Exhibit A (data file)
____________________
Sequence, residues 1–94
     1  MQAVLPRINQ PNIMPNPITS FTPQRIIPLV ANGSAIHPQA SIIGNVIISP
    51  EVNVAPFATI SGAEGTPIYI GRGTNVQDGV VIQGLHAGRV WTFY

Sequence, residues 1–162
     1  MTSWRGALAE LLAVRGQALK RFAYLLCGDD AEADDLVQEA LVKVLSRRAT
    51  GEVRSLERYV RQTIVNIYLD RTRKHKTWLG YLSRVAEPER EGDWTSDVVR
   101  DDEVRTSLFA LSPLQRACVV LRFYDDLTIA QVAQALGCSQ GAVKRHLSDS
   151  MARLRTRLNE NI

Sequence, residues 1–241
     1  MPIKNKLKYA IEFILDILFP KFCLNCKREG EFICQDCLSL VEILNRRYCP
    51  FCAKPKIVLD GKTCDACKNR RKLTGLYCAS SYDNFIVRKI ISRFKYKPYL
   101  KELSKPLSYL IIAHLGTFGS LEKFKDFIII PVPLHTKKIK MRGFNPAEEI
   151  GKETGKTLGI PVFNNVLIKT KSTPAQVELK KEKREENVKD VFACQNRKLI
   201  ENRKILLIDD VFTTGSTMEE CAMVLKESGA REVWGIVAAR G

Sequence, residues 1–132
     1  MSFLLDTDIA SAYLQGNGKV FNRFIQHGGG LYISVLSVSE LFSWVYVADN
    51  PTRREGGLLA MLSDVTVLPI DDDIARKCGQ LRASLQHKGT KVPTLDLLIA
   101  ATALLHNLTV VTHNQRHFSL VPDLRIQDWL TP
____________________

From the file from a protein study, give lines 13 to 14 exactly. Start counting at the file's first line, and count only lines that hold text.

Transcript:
   151  GKETGKTLGI PVFNNVLIKT KSTPAQVELK KEKREENVKD VFACQNRKLI
   201  ENRKILLIDD VFTTGSTMEE CAMVLKESGA REVWGIVAAR G